French Polynesia’s Mystical Ruins
Ruins in Raitea, photo by Diane Selkirk/ Evan Gatehouse
Ruins in Raitea, photo by Diane Selkirk/ Evan Gatehouse
The kids posing in a sacrificial pit, photo by Diane Selkirk/ Evan Gatehouse
High in the mountains of Nuku Hiva, photo by Diane Selkirk/ Evan Gatehouse
Weaving flowers together in French Polynesia, photo by Diane Selkirk/ Evan Gatehouse
Some of the huge Banyan Trees there, photo by Diane Selkirk/ Evan Gatehouse
Tikis on the corners of a marae, photo by Diane Selkirk/ Evan Gatehouse
A smudge on the horizon.
That’s what land looks like when you first spot it from the sea. And over the course of an hour I kept my eye on one particular smudge–watching its shape take form and hold–ruling out cloud, rainstorm and squall. When I was sure of what I was seeing I called my nine-year-old daughter Maia and husband Evan out on deck. I pointed to the patch of dark grey outlined against a background of medium grey and held Maia’s finger as I traced the shape. “The Marquesas!?” she whispered excitedly.
Then she let loose a, “Land Ho!!” When she looked at her dad, she saw he had tears in his eyes, “But we found it. Why are you crying?”
Early European explorers didn’t have Chart Plotters, Radar and GPS to find the way. And unlike modern sailors who know where they are going (but still feel awe when they actually find land) they tended to stumble across the islands of the South Pacific. Spain’s Alvaro de Mendana accidentally found the Marquesas in 1595 when he set out to colonize the Solomon Islands and his pilot Pedro Fernandez de Quiros missed the island group entirely when he attempted to return in 1606—he ended up in Vanuatu instead.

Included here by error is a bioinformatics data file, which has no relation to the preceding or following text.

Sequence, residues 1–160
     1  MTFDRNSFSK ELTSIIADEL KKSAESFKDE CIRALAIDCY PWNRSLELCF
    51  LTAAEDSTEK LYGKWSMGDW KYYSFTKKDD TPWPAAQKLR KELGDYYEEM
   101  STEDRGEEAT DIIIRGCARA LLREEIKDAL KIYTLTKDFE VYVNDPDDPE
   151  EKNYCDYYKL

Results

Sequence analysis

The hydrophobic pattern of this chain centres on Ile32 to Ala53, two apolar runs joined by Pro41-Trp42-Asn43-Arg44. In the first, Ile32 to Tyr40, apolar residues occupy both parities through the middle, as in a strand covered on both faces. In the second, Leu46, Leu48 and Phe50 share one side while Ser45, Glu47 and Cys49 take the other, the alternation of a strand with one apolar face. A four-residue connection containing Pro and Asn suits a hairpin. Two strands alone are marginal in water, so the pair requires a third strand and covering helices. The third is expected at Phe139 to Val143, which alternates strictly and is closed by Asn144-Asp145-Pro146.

The Marquesas Islands, with towering fairy-tale cliffs and a rich loamy smell that reaches far out to sea, were first colonized during the Pacific Migration.
It wasn’t until Captain Cook filled in the map during his three expeditions between 1768-1780 that voyagers to the South Pacific began to reliably end up arriving where they intended. And 19 Days, 12 hours after leaving Puerto Vallarta, Mexico when we ghosted into the anchorage at Nuka Hiva, we realized we had Cook to thank for pinpointing the Marquesas.
Estimates vary—but the consensus seems to be the isolated volcanic islands, which are now part of French Polynesia, were settled sometime before 100 AD by voyagers who travelled from Tonga or Samoa. The settlers developed one of the more unique cultures in Polynesia; with a complex social system and a wide range of artistic traditions. They also built huge stone villages with tikis (sacred statues), wide tohuas (stone terraces), pae pae (house foundations) and creepy sacrificial pits.
When Cook arrived in the Marquesas he found that the heavily tattooed locals seemed friendly enough and immediately began trading with them for food. But because the steep mountain sides hemmed everyone in along the shore, Cook ordered that no one should climb the heights where he could make out what he thought were, “Strong holds.”
The strongholds though were sacred marae (religious sites) and not long after we landed in Nuku Hiva we decided to go where Cook dared not venture and headed up to a site that is found in the hills behind the main village of Taiohae. “Kouvea was a communal gathering place that once belonged to the great war chief, Pakoko”, we read in a guidebook as we meandered out of town. Along the way we were distracted by different things: trees heavy with mangoes and breadfruit, luscious flowers, fat roadside pigs and friendly children. Eventually we found ourselves at a lovely viewpoint high above the anchorage, but without a tiki in sight.